On Tuesday, Apple announced a deal with representatives of the Beatles and the group’s record label, EMI Group, to put the entire catalog of Beatles music in the iTunes Store.
“We love the Beatles and are honored and thrilled to welcome them to iTunes,” said Apple CEO Steve Jobs in a statement. “It has been a long and winding road to get here.”
For years, The Fab Four have been the most notable holdout from selling their collective digital music in Apple’s popular iTunes store even though solo recordings by John Lennon, Paul McCartney, Ringo Starr and George Harrison are available.
But Tuesday’s announcement brings the British pop royalty into the digital realm in a major way.
“It’s a very big deal,” says Tim Bajarin, an analyst with Creative Strategies. “It’s a symbolic milestone.”
While the Beatles music has been available for four decades on vinyl, cassette, 8-track and CD, its migration to iTunes makes it more easily available to those who don’t own the songs in those other formats.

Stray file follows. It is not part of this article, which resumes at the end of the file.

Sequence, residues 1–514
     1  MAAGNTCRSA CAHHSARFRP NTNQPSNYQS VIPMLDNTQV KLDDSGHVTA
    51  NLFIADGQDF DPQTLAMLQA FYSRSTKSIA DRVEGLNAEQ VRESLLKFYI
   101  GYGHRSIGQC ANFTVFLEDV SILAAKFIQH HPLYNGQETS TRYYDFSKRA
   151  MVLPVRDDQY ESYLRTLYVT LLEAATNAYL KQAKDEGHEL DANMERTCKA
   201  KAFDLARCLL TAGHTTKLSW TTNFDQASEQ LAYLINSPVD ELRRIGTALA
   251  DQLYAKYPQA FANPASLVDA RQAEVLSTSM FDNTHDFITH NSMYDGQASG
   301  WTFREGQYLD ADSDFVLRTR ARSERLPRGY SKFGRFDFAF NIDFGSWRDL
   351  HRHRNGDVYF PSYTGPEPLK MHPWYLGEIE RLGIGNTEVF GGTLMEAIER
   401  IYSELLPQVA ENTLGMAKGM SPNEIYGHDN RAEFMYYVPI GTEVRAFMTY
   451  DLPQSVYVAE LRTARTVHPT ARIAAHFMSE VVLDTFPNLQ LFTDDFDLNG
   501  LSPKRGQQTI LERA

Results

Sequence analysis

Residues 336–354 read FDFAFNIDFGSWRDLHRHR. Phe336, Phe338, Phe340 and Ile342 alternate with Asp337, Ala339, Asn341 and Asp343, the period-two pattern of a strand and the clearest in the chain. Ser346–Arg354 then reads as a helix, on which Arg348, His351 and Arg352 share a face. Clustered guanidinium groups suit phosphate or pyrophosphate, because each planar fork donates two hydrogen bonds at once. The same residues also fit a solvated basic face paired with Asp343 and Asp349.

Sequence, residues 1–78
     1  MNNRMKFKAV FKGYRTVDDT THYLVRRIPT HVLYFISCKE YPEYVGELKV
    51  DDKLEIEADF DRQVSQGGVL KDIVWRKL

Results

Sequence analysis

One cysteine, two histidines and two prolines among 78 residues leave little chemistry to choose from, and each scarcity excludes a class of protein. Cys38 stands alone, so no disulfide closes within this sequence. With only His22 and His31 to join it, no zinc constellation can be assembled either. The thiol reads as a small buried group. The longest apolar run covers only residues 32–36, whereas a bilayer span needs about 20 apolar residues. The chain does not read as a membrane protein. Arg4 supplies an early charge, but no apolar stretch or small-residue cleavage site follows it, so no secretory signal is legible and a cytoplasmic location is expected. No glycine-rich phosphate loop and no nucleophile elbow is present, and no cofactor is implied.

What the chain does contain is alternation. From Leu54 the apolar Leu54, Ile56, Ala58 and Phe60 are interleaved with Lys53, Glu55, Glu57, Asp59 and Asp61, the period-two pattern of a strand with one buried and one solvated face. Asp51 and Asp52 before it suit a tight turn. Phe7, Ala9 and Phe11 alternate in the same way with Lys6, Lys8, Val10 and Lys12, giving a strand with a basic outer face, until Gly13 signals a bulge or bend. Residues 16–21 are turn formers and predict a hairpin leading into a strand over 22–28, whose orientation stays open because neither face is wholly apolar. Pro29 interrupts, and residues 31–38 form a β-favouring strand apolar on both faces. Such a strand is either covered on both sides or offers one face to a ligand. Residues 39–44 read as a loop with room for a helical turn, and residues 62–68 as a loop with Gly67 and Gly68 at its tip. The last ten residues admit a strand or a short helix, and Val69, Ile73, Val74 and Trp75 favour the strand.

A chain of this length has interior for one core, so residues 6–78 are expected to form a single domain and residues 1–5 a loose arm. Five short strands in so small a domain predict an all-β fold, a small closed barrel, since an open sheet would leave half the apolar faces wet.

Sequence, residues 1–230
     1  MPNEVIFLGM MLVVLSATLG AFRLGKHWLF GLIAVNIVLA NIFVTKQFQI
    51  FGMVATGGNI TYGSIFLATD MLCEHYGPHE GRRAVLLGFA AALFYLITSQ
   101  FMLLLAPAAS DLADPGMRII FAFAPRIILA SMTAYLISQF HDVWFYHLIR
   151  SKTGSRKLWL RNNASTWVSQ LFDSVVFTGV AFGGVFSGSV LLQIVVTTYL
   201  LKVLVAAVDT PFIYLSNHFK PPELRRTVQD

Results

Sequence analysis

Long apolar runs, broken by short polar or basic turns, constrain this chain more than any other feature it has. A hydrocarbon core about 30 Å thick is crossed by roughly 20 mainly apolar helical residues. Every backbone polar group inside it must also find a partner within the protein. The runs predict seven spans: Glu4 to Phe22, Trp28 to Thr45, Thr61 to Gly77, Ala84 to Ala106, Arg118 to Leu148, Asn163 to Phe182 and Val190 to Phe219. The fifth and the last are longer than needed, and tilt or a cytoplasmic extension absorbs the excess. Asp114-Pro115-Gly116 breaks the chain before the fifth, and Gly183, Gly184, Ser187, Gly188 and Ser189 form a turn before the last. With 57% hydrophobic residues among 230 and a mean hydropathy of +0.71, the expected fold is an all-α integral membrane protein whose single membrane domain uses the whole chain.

“It’s fantastic to see the songs we originally released on vinyl receive as much love in the digital world as they did the first time around,” said Sir Paul McCartney.
All 13 of the group’s remastered studio albums are available for $12.99, or as double albums for $19.99. Individual songs can be downloaded for $1.29 each.
It’s not like owners of Apple iPods, Zunes and other mp3 haven’t been able to get the music onto their devices. All they had to do was copy their CDs to the computer and transfer the music.
“But there’s a value to saying ‘We’re the first to have the Beatles online,” says Mike McGuire, an analyst with Gartner. “Have you ever downloaded something you were pretty sure you had somewhere else? I know I have. Apple will sell lots of Beatles downloads.”
Paul Resnikoff, editor of the Digital Music News blog, says the Beatles on iTunes will appeal to the older demographic who never got with the program of ripping CDs. “A 16-year-old, if they’re interested, already has the music on their iPod, and figured out how to get it there. A 66-year-old may not know how to download the entire catalog in 30 minutes, and may really be interested in getting it from iTunes.”
Yikes I guess they think us geezers can’t do anything digitally.